Getting to see Food Wars every couple of seasons is already a classic at this point, especially with the recent announcement of a fourth season coming out in Spring 2018. So how does Food Wars! The Third Plate compare to the previous releases?
WARNING: This review contains spoilers for Food Wars seasons 1-3!
At this point in the series, those who are still watching Food Wars do so because they genuinely enjoy the show, and they already know what kind of content they’ll be getting from it. There are foodgasms, there are comedy and lots of badass moments… and that’s about it.
Let’s be real – Food Wars can be really entertaining, but it gets more and more repetitive as it goes on. Soma is a very likable main character, but he’s also a very obvious Gary Stu. No matter what kind of situation he gets himself into, he’ll always come out of it victorious (the only exception for that being him losing the Autumn Election, but it’s not like that has changed much).
This is probably Food Wars biggest weakness: it’s the same scenario over and over again, and yet the rest of the characters (mostly female) pretend to be both surprised and amazed by everything Soma does. You’d think at this point they would have already gotten used to it (heck, they could even use it for comedy relief!).
This third season still brings many new elements that make it worth watching. The introduction of the final members of the Elite Ten includes some of the most charismatic characters so far, like Eishi Tsukasa and Terunori Kuga.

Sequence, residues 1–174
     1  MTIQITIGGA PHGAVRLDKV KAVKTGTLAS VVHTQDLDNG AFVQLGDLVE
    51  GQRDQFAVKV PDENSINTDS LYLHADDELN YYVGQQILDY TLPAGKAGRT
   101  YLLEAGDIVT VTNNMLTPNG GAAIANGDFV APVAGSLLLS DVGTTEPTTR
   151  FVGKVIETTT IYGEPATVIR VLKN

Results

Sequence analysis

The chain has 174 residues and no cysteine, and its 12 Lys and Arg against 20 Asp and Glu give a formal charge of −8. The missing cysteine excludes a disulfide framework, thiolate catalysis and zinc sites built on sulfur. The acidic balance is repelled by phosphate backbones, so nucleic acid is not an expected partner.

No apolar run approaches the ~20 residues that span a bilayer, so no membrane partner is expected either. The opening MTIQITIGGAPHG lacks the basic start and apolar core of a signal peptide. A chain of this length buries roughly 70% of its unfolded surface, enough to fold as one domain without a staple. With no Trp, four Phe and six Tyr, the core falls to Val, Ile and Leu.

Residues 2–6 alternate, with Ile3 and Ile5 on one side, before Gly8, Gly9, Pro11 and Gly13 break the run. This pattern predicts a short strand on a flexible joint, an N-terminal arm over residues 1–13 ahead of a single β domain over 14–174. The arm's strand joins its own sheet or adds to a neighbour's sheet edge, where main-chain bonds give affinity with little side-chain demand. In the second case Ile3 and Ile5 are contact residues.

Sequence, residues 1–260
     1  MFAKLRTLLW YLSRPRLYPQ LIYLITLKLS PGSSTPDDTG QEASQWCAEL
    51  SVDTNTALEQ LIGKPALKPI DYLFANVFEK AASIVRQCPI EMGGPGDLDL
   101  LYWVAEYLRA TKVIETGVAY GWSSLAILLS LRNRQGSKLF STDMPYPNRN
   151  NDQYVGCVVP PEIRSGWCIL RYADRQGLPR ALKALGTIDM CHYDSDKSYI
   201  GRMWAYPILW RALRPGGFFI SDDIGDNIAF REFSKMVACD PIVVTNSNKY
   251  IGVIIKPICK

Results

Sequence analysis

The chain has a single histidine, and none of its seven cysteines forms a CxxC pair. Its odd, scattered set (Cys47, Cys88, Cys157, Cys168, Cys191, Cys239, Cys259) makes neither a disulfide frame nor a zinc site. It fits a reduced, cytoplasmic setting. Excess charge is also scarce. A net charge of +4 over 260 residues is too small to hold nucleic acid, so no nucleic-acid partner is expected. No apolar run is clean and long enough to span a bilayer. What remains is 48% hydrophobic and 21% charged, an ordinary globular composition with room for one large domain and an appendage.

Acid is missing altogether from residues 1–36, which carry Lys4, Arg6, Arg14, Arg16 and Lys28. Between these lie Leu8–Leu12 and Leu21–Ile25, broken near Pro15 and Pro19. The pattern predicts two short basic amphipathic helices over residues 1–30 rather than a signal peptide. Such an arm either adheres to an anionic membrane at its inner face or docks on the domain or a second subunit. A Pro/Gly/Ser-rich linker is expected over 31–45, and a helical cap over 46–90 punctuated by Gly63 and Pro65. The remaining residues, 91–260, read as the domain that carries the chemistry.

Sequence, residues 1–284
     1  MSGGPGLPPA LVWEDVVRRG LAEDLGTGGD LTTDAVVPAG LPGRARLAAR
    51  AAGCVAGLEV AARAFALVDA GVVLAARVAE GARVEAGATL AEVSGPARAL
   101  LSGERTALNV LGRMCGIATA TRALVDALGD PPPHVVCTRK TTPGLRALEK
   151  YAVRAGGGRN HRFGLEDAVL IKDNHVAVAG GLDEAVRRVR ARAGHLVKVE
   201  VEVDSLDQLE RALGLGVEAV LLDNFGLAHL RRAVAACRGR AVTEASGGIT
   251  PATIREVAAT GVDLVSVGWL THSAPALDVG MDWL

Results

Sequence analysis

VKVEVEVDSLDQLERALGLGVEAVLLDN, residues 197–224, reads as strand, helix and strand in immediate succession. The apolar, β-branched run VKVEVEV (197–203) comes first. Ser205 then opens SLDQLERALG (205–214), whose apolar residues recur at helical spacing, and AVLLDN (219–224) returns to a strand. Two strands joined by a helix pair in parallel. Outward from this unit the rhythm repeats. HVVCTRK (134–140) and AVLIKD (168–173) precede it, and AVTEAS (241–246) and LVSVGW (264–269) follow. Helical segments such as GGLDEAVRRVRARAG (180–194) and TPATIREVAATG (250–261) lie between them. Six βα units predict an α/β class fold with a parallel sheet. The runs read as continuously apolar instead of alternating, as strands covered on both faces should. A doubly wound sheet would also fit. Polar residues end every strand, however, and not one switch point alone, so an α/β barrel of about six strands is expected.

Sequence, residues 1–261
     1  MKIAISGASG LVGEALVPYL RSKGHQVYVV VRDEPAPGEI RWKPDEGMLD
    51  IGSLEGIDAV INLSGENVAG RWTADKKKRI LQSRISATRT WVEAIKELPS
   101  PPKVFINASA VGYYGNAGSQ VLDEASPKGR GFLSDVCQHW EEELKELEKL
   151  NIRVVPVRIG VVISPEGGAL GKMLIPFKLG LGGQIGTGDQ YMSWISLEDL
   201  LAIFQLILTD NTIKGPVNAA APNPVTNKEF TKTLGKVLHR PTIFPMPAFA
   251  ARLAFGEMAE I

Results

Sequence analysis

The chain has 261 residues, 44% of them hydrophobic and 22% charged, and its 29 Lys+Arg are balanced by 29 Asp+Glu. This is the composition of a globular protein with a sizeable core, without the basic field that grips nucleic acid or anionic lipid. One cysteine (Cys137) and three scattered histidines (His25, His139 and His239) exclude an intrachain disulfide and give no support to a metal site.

In fact, the Stagiaire Arc feels very refreshing after the big Autumn Election, as it brings back one of the most promising elements from the first season: restaurants, the business side of cooking. What makes a stall more appealing than the other? How does the placement affect one’s business? What is it that the clients need? That’s where Soma has the advantage, and that’s where Food Wars can show some maturity.
Fortunately, the restaurant theme seems to carry on to the second half of the season (as well as next season’s, judging by the cliffhanger). It does so at the hands of Azami Nakiri, Erina’s father and the man who’s quickly become the major villain of the series. And it makes sense: the Nakiri family have been hyped up as a very well-renowned family for both the Academy and the culinary world.
What we did not know, however, is that Mr. Nakiri is a horrible person, and an even more atrocious father, which explains most of Erina’s tsundere attitude and trust issues. This allows for some well-overdue backstory and development for her character, as she starts to integrate herself into Soma’s circle of friends.
By the end of the season, Soma finds himself in a place that’s not unfamiliar for him: other people threatening to end small restaurants. The mention of his father, Joichiro Yukihira, is not only a nice call-back to the first season but also a nice way to hype things up for the fourth season.